Analysts – and investors, of course – wanted to hear yesterday’s Q2 earnings, but they were even more eager to get any clues to how AAPL Q3 2022 numbers might look.

The company reported record revenue for fiscal Q2, despite component shortages, but the company warned that things could get tougher in the current quarter …

Apple yesterday reported Q2 revenue of $97.3B. That’s not only a new Q2 record but higher than even the most bullish of analysts had expected. The consensus forecast among the institutional analysts was $95.51B – and even JP Morgan, which came closest, was under at $96.43B.

However, Apple did also reveal that it expected significant supply-chain headwinds in the current quarter. Chief financial officer Luca Maestri warned that component shortages would be “substantially larger” this quarter.

Supply constraints caused by COVID-related disruptions and industrywide silicon shortages are impacting our ability to meet customer demand for our products. We expect these constraints to be in the range of $4 billion to $8 billion, which is substantially larger than what we experienced during the March quarter.

But the CFO also warned that three other factors would hurt the company’s Q3 revenue:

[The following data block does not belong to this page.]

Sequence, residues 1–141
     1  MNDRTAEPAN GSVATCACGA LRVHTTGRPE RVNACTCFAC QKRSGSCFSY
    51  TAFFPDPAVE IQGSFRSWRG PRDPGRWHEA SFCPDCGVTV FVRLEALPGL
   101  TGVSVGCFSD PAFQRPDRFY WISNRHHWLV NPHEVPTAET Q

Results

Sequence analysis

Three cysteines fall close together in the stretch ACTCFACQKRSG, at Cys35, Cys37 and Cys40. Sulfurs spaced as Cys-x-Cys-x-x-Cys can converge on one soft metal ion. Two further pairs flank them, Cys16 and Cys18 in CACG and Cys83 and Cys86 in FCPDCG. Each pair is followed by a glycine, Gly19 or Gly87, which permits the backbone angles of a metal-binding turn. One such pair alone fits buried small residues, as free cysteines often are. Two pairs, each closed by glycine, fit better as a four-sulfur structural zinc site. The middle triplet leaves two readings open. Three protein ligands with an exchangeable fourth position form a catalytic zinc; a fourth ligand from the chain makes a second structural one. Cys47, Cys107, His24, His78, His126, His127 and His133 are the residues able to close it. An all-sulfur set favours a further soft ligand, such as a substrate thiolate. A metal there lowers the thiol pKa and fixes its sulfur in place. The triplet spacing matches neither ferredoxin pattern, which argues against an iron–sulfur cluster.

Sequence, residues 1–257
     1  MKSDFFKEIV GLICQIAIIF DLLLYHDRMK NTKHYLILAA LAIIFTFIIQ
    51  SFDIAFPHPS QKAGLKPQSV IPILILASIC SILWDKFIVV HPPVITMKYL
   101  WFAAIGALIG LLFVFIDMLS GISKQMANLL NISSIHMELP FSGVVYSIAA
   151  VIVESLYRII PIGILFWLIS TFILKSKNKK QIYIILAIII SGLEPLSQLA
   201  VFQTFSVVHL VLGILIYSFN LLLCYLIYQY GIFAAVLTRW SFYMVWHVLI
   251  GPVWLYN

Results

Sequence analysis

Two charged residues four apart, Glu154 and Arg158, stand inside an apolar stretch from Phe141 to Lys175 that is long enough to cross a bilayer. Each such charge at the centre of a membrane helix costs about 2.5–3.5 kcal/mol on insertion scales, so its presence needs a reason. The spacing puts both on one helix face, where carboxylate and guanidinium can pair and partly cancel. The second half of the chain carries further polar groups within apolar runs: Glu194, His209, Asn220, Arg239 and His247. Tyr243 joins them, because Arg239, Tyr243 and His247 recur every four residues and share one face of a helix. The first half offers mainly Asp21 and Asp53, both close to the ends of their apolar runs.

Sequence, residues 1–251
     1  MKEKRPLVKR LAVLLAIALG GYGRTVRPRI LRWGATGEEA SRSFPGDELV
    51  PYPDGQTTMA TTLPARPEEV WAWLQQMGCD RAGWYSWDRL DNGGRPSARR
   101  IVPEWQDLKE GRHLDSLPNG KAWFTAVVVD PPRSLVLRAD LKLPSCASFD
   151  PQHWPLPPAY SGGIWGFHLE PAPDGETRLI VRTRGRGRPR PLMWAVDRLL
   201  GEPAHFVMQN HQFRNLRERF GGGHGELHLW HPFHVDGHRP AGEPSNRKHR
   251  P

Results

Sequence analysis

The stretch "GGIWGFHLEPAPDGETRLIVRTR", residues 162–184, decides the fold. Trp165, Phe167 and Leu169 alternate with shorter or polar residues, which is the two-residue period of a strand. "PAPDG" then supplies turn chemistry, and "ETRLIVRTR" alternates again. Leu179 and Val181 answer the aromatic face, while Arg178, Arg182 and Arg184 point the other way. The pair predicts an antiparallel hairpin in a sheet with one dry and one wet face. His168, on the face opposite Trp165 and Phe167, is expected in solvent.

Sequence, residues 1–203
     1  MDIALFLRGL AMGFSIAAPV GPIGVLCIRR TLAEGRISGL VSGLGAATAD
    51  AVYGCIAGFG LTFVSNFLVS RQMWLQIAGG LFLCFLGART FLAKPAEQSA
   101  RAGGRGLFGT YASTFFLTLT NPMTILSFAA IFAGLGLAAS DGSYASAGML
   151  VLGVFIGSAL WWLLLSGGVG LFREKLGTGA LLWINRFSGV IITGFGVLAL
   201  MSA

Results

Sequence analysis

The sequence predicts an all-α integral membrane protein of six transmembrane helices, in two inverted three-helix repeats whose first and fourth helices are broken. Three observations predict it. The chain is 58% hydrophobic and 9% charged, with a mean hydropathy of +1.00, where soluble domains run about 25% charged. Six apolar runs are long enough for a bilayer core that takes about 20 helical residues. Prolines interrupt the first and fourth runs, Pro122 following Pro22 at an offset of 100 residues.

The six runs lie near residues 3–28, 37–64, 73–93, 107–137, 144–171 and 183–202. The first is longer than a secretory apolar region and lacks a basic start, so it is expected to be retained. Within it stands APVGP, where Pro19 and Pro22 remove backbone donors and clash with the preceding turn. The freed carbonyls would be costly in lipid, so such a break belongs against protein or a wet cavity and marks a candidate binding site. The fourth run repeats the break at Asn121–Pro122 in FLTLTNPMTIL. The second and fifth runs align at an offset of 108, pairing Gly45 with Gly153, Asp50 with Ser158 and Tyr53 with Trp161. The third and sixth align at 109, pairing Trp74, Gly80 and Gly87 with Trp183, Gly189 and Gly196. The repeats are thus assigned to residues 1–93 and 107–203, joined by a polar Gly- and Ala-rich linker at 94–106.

The COVID-related disruptions are also having some impact on customer demand in China. With respect to foreign exchange, we expect it to be a nearly 300 basis point headwind to our year-over-year growth rate. Additionally, we paused all sales in Russia during the March quarter. This will impact our year-over-year growth rate by approximately 150 basis points. Specifically related to services, we expect to continue to grow double digits but decelerate from our March quarter performance due to some of the factors I just described.

Finally, CEO Tim Cook said that the company was also monitoring sales very closely, to see what impact inflation would have on demand. While Apple doesn’t expect this factor to be as significant as those mentioned above, it’s likely to have some impact.

So all-in, that’s five factors likely to reduce Q3 revenue:

  • Component shortages
  • COVID-19 disruption in China
  • Exchange rate weaknesses
  • Loss of Russian sales
  • Inflation reducing consumer spending power

While the supply constraints are temporary, Cook did admit that some sales might be lost permanently, because customers who needed something quickly would buy competitor products.

Photo: Adam Nowakowski/Unsplash

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Ben Lovejoy

Ben Lovejoy is a British technology writer and EU Editor for 9to5Mac. He’s known for his op-eds and diary pieces, exploring his experience of Apple products over time, for a more rounded review. He also writes fiction, with two technothriller novels, a couple of SF shorts and a rom-com!

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